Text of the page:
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Fused PVC Pipe The Answer For Pipebursting Projects Across The Country
“Quick and quiet,” is how John Riera, Water Resources manager for St. Petersburg, FL, describes a recent pipe bursting project using fused PVC piping in a residential area of his city. “Homeowners appreciated the speed and minimal disruption of the project,” he says. “We didn’t have a single complaint.”
Speed of installation and reduced surface disruption and damage are among the main reasons communities across North America are shifting to fused PVC piping in pipe bursting projects. Ease of upsizing and the ability to use standard fittings and compatible materials are other key factors.
St. Petersburg used fused PVC in a pipe burst of 1,200 linear feet of eight-inch cast iron pipe located just a few feet below manicured lawns and driveways. Disruption of the surface in this expensive residential area was not an option.
Billings, MT, burst an aging water main and chose to replace it with fused PVC pipe which had both a higher safe pull force and a higher inside diameter (ID) to outside diameter (OD) ratio than alternative piping materials.
And in California, several communities are using fused PVC for pipe bursting, including the city of St. Helena which rehabilitated and upsized a failing water line tucked between a highway, rail line and historic vineyards.
The developer and provider of Fusible PVC piping systems is Underground Solutions Inc. (UGSI) of Poway, CA. The company’s Bo Botteicher explains that the most common difficulty with pipe bursting projects is the increase in pipe diameter, or upsizing, of the replacement pipe compared to the existing pipe.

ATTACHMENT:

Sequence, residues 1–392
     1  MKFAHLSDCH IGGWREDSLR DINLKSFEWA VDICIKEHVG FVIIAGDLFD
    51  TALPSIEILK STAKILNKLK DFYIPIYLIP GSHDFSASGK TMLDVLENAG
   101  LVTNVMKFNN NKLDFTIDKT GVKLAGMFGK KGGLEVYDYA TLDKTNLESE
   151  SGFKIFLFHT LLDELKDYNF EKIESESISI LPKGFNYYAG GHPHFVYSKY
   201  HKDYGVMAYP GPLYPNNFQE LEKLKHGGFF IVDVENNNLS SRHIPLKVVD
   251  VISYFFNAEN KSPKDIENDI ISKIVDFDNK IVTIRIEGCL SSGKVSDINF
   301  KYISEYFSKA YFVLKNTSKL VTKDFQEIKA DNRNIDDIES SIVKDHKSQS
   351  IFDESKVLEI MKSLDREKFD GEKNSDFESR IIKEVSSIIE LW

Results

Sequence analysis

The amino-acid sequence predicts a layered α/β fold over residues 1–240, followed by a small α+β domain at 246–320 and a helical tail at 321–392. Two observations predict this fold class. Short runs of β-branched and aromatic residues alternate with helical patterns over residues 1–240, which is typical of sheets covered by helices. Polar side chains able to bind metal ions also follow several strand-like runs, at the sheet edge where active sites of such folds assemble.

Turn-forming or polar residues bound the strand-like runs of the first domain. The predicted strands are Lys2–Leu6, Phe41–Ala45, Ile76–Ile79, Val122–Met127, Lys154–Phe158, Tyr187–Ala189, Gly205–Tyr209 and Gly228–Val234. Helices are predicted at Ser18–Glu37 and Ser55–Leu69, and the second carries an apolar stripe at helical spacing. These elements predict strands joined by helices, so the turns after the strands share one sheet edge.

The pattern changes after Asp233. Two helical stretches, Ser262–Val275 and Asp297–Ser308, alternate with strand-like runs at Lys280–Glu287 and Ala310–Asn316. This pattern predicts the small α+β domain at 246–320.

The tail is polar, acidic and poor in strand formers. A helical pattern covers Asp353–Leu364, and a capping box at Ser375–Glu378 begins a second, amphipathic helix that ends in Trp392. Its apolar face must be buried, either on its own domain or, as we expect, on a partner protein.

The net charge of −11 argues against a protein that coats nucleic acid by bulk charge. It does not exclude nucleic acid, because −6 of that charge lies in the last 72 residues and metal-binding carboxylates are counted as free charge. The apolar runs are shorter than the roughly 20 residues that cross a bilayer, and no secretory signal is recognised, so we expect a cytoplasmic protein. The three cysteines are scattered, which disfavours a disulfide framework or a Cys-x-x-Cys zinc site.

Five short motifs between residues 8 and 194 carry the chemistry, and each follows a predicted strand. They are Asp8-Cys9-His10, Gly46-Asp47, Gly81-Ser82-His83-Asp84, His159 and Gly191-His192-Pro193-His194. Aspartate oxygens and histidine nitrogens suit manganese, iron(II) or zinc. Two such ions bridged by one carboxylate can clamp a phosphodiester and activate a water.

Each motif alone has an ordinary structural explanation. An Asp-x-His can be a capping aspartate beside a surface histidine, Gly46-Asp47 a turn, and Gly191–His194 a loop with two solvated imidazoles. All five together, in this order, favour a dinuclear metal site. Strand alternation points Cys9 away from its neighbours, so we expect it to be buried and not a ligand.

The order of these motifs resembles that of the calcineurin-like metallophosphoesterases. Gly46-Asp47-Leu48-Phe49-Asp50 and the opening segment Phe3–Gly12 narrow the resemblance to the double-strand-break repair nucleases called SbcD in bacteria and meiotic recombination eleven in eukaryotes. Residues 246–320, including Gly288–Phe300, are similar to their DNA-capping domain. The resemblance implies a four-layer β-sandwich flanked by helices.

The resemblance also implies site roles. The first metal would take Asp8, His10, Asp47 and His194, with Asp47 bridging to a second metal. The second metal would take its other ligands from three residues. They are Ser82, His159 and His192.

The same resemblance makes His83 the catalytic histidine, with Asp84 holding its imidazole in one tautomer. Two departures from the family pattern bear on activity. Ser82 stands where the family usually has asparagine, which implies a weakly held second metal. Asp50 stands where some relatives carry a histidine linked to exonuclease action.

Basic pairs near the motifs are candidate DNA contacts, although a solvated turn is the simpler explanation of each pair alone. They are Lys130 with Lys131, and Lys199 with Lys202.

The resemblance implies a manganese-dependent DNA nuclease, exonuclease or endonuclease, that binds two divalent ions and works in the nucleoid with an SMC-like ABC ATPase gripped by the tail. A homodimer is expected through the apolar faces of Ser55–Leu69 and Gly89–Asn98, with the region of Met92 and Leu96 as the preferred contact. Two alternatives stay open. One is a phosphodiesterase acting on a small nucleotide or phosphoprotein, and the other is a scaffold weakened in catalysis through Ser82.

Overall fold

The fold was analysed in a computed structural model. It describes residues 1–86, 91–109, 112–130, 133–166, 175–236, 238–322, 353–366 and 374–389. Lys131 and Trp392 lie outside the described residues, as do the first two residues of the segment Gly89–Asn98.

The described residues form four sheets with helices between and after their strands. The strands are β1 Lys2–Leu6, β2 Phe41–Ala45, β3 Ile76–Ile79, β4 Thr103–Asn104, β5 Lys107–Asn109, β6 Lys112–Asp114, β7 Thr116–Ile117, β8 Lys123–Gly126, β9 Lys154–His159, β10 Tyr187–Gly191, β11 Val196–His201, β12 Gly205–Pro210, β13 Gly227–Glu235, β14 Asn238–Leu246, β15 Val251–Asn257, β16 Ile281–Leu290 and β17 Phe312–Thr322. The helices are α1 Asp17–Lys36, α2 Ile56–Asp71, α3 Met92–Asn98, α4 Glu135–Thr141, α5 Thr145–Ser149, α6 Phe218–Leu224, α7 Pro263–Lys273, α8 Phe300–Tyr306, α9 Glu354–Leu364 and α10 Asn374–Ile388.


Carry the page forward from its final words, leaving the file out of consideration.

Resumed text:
Fusible PVC pipe has a reduced wall thickness and hence a smaller OD due to the hydrostatic design basis for PVC, in general. These features result in higher flow rates and smaller bore hole requirements, important considerations in pipe bursting applications where enlarging the piping channel could lead to surface disruption, interference with other utility lines, or other issues.
“Eliminating or reducing the degree of upsizing in pipe bursting reduces the risk that soil displacement from the operation will disturb adjacent underground utilities or cause surface heave,” Botteicher says. “In the past, PVC pipe required gasketed or solvent cement mechanical joints, and these joining techniques often limited or prevented its use in trenchless applications.”
Now, however, UGSI technology is enabling customers to install continuous, monolithic, gasket-free PVC pipe - with high-strength fused joints - and take advantage of the hydraulic efficiency, stiffness, ease of repair and lower cost of PVC over alternative piping materials.